Larry, I would be more worried about cold temps in wet ground than in dry ground. I don't think I've ever lost onions in extreme cold if the ground was pretty dry, but I've lost them in cold weather when it was very wet. Darned old clay, you know....
Susan and Carol, I loved the 2011 snow storm. It was the most snow we've ever had here. Do y'all remember how we stayed really cold and snowy for 4 or 5 days and then had a huge warm up and never got really cold again?
At our house in Feb. 2011, this is what our high temperatures did during the period I'm talking about:
Feb 9th--29 degrees
Feb 10th--36 degrees (this was the tail end of about a week of cold and snow)
Feb 11th--59 degrees
Feb 12th--67 degrees
Feb 13th--74 degrees, and then this
Feb 17th--80 degrees!
For us, that was when winter pretty much ended. After all that snow, I was thrilled to see 80 degrees. While we still had occasional cool nights around freezing in March, and I had to throw row covers over a few things on a couple of nights, we then had a really warm, almost hot March, with some highs in the mid-80s. I loved March of 2011, especially after all that snow in February. I just had no idea that we were going into a hot, dry period that would knock us and our gardens to our knees....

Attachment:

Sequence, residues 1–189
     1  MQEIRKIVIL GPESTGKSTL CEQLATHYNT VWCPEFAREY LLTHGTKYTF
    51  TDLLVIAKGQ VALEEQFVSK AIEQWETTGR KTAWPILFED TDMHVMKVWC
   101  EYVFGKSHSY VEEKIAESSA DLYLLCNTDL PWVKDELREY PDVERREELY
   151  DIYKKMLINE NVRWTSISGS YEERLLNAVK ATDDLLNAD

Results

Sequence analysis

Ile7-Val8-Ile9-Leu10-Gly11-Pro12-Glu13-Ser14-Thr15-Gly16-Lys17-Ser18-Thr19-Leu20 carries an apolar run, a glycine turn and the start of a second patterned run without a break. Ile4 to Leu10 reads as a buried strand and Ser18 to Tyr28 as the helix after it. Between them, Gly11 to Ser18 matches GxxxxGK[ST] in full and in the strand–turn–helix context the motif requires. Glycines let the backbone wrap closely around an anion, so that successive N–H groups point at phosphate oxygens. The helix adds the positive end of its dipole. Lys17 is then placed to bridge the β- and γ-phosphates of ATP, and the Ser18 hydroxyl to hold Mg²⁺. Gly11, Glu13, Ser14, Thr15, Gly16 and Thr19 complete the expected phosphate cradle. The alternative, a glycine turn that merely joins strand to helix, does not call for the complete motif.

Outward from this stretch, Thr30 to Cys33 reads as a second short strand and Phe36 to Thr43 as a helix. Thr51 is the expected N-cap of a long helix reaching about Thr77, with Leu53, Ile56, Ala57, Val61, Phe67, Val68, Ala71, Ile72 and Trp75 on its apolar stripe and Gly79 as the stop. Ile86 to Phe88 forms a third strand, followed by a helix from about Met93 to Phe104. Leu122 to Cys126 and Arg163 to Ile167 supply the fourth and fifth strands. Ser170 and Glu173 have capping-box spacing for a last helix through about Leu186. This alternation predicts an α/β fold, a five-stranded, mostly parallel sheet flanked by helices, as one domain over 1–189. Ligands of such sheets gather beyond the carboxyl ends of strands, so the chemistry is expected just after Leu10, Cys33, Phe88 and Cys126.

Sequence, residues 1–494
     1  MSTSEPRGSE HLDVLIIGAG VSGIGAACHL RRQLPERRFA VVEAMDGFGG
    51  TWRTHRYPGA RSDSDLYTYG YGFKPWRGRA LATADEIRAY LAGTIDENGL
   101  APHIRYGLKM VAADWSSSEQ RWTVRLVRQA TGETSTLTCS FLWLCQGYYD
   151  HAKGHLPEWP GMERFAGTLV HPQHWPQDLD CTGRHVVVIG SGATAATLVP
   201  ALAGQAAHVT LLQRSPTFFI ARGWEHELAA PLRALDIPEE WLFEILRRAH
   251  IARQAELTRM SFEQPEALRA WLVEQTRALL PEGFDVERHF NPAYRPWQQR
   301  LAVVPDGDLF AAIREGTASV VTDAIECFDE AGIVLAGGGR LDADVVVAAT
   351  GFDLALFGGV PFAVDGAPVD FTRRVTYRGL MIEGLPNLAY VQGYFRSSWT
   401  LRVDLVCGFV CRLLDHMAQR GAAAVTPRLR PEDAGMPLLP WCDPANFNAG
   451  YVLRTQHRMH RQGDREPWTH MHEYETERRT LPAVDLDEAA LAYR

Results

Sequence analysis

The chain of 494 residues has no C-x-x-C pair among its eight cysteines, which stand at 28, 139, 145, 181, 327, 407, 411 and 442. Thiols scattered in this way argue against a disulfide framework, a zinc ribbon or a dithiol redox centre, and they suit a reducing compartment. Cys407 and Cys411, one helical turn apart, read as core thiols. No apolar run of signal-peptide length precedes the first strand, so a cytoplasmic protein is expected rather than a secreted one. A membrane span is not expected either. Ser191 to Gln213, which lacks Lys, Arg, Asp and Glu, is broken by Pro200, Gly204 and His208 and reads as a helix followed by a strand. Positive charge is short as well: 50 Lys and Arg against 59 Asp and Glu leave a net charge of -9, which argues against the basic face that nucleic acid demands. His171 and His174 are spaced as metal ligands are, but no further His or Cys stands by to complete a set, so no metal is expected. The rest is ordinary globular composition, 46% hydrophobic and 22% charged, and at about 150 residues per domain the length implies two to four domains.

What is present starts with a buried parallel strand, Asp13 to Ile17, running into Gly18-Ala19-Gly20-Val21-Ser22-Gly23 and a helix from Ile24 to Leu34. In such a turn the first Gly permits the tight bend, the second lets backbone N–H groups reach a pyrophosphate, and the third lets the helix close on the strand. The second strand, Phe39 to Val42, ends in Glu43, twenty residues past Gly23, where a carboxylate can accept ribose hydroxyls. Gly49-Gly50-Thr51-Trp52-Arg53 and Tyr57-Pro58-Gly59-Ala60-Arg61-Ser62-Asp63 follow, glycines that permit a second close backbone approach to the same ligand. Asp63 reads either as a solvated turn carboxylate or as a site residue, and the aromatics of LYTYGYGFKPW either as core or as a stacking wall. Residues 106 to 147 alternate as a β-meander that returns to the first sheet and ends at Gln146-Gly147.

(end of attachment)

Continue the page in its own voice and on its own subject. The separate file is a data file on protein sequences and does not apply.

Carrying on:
This time, I don't think we're expected to do a quick warm-up after tomorrow's snow and ice, but wouldn't it be nice if we did?
I don't think we are going to warm up much this week at all. A couple of days in low 50's, but generally 30's to 40's, with nighttime temps in 20's. Brrrrrrrr. It's hard to take after the warm weather we've been having!